Brief History of Haitian Misery

Haiti, 2010.  Early on after an inner-earth adjustment under Haiti, the armchair prophet, Pat Robertson, was spouting divine obscenity saying that nature’s violence was all the Haitians fault for having had the audacity to rebel against slavery in 1791.  Fantasy of “divine retribution” is such a tired, worn-out, empty-headed response to natural fluctuations of planet energy.  Such nonsense is but a stubborn clutching at superstition in the name of religious posturing.  Equally disgusting has been the number of “reporters” and “commentators” that have mangled history to disguise their inner prejudice or to blow more hot air into their assumed superior grasp of timely events.

The columnist Anne Applebaum in the Washington Post comes to mind, whose reporting commonly begins with her blowing kisses to herself.  In her assessment, the tragedy was all a man-made disaster.  Forget the massive earthquake; it was the weakness within the public institutions that was at fault for the physical collapse of buildings on a monumental scale.  One of those buildings was the Presidential Palace—which just happened to have been built by US Marines that occupied Haiti, 1925-1934.  The majority of other public buildings were built under the supervision of well-schooled architects using the most advanced techniques of the period. 

So what.  Applebaum goes on to judge the basic assistance available after the Haitian disaster and finds it all below the cooperative relief efforts made available after the tsunami roared out of the Indian Ocean, or, say, the (not so perfect) federal response after Hurricane Katrina.  Applebaum apparently chose to ignore that the Haitian government was weak to begin with, having never really been able to shake free from a history of oppression, slavery and colonialism, and a massive debt imposed upon them by France as punitive reparation payment before they were allowed unhindered international trade.  In addition, Haiti has had to endure such things as economic sanctions, US meddling and intrusion, the cost of initiating the government, powerful drug traffickers, a weak and corrupt government, a paralyzed legislature, and a billion $ debt to the World Bank, the International Monetary Fund, and the International Bank.  So comparing Haitian relief efforts to those carried out in New Orléans, USA (August 2005) and tsunami victims in Indonesia, India, Sri Lanka, Thailand and Maldives (December 2004) where a slightly kinder history and better conditions existed is absurd.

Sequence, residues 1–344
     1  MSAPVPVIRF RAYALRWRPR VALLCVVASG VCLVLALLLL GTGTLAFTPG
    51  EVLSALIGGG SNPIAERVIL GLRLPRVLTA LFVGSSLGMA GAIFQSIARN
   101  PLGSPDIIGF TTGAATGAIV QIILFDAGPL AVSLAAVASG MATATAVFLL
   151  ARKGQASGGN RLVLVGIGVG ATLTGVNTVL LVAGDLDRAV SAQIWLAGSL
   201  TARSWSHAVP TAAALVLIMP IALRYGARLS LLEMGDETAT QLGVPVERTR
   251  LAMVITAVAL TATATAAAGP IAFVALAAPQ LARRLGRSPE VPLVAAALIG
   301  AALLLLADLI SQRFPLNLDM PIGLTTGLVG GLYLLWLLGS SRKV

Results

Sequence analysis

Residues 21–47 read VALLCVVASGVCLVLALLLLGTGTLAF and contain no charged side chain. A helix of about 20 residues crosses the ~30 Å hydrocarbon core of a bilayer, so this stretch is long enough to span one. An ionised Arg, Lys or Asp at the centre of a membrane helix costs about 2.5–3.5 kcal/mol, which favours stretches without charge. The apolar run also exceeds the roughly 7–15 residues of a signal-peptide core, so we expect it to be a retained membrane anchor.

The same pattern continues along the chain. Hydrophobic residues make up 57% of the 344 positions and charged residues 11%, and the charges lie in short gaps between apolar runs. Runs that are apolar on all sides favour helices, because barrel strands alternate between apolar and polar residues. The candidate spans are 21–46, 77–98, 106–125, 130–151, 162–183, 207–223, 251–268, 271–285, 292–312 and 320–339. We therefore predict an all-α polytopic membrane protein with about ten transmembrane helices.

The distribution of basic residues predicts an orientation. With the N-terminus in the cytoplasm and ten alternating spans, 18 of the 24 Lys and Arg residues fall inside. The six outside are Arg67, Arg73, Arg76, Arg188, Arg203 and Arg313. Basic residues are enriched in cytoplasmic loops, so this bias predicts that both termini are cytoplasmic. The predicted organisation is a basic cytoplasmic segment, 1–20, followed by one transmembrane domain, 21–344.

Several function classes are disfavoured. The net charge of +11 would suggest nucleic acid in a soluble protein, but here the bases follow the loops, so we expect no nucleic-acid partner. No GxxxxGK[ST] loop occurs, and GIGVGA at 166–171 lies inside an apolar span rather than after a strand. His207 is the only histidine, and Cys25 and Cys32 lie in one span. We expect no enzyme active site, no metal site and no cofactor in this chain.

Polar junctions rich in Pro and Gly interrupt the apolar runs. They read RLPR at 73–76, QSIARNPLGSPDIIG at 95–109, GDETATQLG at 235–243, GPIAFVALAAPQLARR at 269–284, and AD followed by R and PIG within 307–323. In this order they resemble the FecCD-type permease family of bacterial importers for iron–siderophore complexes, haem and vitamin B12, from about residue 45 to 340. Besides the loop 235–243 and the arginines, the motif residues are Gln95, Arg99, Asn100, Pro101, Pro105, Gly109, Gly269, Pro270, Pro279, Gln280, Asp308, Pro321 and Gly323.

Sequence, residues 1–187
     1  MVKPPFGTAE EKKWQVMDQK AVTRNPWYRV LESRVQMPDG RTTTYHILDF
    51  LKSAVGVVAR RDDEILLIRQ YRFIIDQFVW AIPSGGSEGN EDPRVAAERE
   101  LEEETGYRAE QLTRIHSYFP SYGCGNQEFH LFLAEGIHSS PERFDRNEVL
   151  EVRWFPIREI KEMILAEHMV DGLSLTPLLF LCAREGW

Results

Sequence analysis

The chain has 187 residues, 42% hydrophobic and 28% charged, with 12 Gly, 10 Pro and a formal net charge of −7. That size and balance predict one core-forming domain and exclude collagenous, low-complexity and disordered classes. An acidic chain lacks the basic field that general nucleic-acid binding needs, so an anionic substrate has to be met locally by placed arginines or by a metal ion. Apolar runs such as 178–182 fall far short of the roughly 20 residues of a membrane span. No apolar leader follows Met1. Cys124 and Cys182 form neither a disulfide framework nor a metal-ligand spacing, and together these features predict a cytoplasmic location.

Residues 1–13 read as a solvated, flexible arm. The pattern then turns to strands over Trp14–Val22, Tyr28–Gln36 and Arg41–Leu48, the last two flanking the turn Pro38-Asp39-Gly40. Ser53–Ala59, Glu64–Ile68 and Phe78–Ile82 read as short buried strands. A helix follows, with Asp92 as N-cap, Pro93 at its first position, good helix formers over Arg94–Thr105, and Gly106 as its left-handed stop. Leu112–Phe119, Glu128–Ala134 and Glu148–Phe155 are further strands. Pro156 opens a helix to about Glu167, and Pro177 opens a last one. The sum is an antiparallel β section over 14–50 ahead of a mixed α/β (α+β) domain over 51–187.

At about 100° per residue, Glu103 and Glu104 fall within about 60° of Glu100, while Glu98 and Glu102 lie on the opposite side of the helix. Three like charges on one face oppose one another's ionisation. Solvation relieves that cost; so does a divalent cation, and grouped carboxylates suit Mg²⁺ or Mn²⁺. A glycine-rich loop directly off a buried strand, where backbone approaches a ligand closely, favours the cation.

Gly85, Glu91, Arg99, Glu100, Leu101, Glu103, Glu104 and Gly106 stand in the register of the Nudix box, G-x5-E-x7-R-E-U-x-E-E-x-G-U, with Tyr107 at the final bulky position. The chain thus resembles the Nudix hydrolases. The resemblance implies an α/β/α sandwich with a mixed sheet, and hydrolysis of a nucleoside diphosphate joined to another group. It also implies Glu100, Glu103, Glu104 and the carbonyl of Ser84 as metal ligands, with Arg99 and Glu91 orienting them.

Other commentators have also thrown guilt-implying judgment upon Haiti’s plight.  One in the New York Times, David Brooks, went so far as to blame the culture of Haiti as the cause for the severity of the earthquake.  To accent his point, he compared Haiti with Barbados, stating that Barbados had suffered slavery and colonialism too, but was doing “pretty well.”  Ignored by him were some pertinent facts.  Haitians slaves refused to wear chains in 1791, and established their nation in 1804.  Barbadians, however, endured the less brutal British slave practices, and the Brits abandoned slavery around the 1850s, so Barbados history is far less bloody.  Indeed, Barbados did not even attain independence until 1966.   

US meddling mentioned here earlier was in reference to Washington instigating the placement of dictators (Papa Doc and Baby Doc) who used the nation’s treasury as their personal bank account.  Although they were finally removed (through the very ones who had sponsored them), the US-directed International Monetary Fund will now undoubtedly demand that the nation continue to repay all the international loans that had been taken out in Haiti’s name by those aforementioned US-sponsored leaders.  An open secret is that the IMF targets Third-World nations, and the western banking industry is apparently backed by the American weapons industry.  Then there is the smell of OIL that waifs up from the fractured Haitian territory, and it promises a potentiality equal to that of its nearby neighbor, Venezuela.  Kind of makes one wonder if all the American military personnel now swarming over Haiti have only humanitarian reasons for being deployed there.

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  4. Numerous thanks to Sybil Johnson for assisting with this reason, that
    remains to sustain the work done in Haiti, as well as to each one of you who donated funds in a time of dilemma.
    Presently, with the land waiting for, we are
    trying to borrow to build a structure that will certainly be
    tidy, energy reliable, as well as sustainable to make sure that they can really have
    an area to call house. I viewed a dead young puppy in a Haitian family members’s hut.

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